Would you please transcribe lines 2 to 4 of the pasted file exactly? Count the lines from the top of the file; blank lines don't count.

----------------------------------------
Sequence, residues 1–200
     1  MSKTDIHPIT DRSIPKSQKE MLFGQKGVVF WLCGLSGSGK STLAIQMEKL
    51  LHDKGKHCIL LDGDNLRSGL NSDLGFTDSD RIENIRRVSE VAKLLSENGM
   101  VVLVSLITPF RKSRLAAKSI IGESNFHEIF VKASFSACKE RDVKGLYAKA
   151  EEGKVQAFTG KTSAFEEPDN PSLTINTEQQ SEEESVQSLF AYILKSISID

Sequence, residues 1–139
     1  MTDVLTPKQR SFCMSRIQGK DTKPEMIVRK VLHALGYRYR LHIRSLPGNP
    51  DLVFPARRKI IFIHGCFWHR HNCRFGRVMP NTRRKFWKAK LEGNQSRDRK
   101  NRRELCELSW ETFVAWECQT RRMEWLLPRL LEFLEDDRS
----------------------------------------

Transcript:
     1  MSKTDIHPIT DRSIPKSQKE MLFGQKGVVF WLCGLSGSGK STLAIQMEKL
    51  LHDKGKHCIL LDGDNLRSGL NSDLGFTDSD RIENIRRVSE VAKLLSENGM
   101  VVLVSLITPF RKSRLAAKSI IGESNFHEIF VKASFSACKE RDVKGLYAKA